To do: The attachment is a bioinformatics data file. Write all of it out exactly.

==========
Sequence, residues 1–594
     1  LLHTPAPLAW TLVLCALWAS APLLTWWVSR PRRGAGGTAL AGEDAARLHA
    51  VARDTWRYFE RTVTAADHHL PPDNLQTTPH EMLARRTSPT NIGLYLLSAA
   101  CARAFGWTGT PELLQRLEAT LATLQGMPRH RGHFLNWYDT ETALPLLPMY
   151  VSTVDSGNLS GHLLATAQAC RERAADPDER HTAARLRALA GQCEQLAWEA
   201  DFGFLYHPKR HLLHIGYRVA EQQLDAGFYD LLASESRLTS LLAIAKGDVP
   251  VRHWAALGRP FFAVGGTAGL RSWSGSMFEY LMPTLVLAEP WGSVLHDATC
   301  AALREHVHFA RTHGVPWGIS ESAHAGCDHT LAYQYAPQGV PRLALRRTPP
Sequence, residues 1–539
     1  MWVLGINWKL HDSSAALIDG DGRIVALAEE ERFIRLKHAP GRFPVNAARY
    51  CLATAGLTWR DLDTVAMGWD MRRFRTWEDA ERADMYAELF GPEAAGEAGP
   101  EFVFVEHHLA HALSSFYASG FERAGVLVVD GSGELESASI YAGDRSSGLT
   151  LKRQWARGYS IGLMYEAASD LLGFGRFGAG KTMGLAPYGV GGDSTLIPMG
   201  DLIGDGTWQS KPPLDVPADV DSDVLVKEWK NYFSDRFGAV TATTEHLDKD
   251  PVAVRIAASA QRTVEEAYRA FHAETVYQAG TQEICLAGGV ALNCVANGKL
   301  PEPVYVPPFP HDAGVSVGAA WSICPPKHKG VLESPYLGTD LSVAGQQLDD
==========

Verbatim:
Sequence, residues 1–594
     1  LLHTPAPLAW TLVLCALWAS APLLTWWVSR PRRGAGGTAL AGEDAARLHA
    51  VARDTWRYFE RTVTAADHHL PPDNLQTTPH EMLARRTSPT NIGLYLLSAA
   101  CARAFGWTGT PELLQRLEAT LATLQGMPRH RGHFLNWYDT ETALPLLPMY
   151  VSTVDSGNLS GHLLATAQAC RERAADPDER HTAARLRALA GQCEQLAWEA
   201  DFGFLYHPKR HLLHIGYRVA EQQLDAGFYD LLASESRLTS LLAIAKGDVP
   251  VRHWAALGRP FFAVGGTAGL RSWSGSMFEY LMPTLVLAEP WGSVLHDATC
   301  AALREHVHFA RTHGVPWGIS ESAHAGCDHT LAYQYAPQGV PRLALRRTPP
Sequence, residues 1–539
     1  MWVLGINWKL HDSSAALIDG DGRIVALAEE ERFIRLKHAP GRFPVNAARY
    51  CLATAGLTWR DLDTVAMGWD MRRFRTWEDA ERADMYAELF GPEAAGEAGP
   101  EFVFVEHHLA HALSSFYASG FERAGVLVVD GSGELESASI YAGDRSSGLT
   151  LKRQWARGYS IGLMYEAASD LLGFGRFGAG KTMGLAPYGV GGDSTLIPMG
   201  DLIGDGTWQS KPPLDVPADV DSDVLVKEWK NYFSDRFGAV TATTEHLDKD
   251  PVAVRIAASA QRTVEEAYRA FHAETVYQAG TQEICLAGGV ALNCVANGKL
   301  PEPVYVPPFP HDAGVSVGAA WSICPPKHKG VLESPYLGTD LSVAGQQLDD